Quit or face charges for ‘BOC 64’

President Rodrigo Duterte has told several officials and employees of the Bureau of Customs they will face administrative charges before the Office of the Ombudsman on corruption allegations should they refused to resign from office, Malacañang said Friday.

READ: 64 Customs men lined up for ouster

In a statement, Presidential Spokesman Salvador Panelo said the Chief Executive met with the group at the Palace Thursday night to discuss their supposed corrupt activities.

“Administrative charges over allegations of corrupt practices in office will be filed against them before the Office of the Ombudsman, unless they opt to resign, and the prosecutors will ask for their immediate suspension,” Panelo said.

“The President has been forthright in telling these Customs officials and employees that corruption has no place under his watch. He told them that consistent with due process, they will be given their day in court,” he added.

READ: BOC reshuffles collectors for failure to meet target

According to the spokesman, the President even “assured” the BOC personnel he would not begrudge them if they would avail of legal remedies to question their removal from office.

In fact, Duterte was “thankful” they accepted his invitation to meet him in Malacañang, something the President viewed as a sign of respect for him, Panelo said.

Meanwhile, pending the filing of cases against them, the spokesman said: “They shall be in floating status without authority to act on official matters.”

“Let this serve as a reminder to all those officials or employees in the government that they cannot escape liability or accountability for their acts of corruption under the Duterte administration,” he added.

The meeting was held a week after Duterte announced that he would terminate 64 BOC personnel due to corruption allegations.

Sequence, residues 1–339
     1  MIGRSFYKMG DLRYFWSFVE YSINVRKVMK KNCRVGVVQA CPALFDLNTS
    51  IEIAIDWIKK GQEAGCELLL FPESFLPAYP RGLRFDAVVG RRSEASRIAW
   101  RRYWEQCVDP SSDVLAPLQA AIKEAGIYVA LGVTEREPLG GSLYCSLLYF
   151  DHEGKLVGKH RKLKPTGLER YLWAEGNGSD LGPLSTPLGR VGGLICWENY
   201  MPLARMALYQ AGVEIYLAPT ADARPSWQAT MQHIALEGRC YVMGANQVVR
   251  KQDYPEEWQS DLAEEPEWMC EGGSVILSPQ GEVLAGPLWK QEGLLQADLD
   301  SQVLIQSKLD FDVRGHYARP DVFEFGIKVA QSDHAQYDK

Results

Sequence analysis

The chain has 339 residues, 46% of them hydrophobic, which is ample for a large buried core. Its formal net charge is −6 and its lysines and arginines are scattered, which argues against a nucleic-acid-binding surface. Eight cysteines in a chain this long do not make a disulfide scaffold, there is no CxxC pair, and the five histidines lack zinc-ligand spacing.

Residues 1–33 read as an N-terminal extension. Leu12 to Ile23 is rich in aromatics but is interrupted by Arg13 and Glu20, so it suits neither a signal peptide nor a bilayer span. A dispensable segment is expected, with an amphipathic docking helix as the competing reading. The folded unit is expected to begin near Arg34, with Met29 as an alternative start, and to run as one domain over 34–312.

Aside from Panelo, Executive Secretary Salvador Medialdea, Presidential Anti-Corruption Commission chief Dante Jimenez, Communications Secretary Martin Andanar, and Finance Secretary Carlos Dominguez III, whose department oversees the BOC, attended the meeting.

For his part, Andanar said the Chief Executive only “lectured” the BOC officials, telling them they should not harbor “hard feelings.”

“Last night, I was at the meeting with the President and around 41 Bureau of Customs officials. There, the President directly told [it to] them. Actually, it wasn’t scolding, he wasn’t mad. He talked with them and gave a little lecture,” the PCOO chief told Radyo Singko.

“I just don’t know if there was a dialogue afterward,” he added.

Last week, Duterte revealed he removed the entire administrative section in the corruption-plagued agency as he was already fed up with their supposed illegal activities.

“I’m really angry with corruption. You may commit a sin but it should not be corruption because I will really not forgive you,” the President said.

“All that I ask is that you avoid corruption. They said corruption can’t be stopped in Customs. I was fed up, so I said, ‘If these sons of b****s won’t stop, you’re all fired,” he added, telling the relieved Customs employees to clean up the water lilies floating along the Pasig River.

Commissioner Rey Leonardo Guerrero, a former Army chief, currently heads the BOC. Duterte said he wanted a military man to take over the helm of the bureau after billions of pesos worth of illegal drugs previously slipped past its watch.

READ: Group urges BOC’s Guerrero to resign

The Chief Executive admitted last year it would take him more than a decade to probe every single personnel in the bureau for links to corruption.

The Palace, meanwhile, has always maintained that Duterte remains consistent in his position not to tolerate even a “whiff of corruption” in the administration. 

READ: BOC retools to purge its ranks

Topics: Rodrigo Duterte , Bureau of Customs , Office of the Ombudsman , corruption , Salvador Panelo
COMMENT DISCLAIMER: Reader comments posted on this Web site are not in any way endorsed by Manila Standard. Comments are views by readers who exercise their right to free expression and they do not necessarily represent or reflect the position or viewpoint of While reserving this publication’s right to delete comments that are deemed offensive, indecent or inconsistent with Manila Standard editorial standards, Manila Standard may not be held liable for any false information posted by readers in this comments section.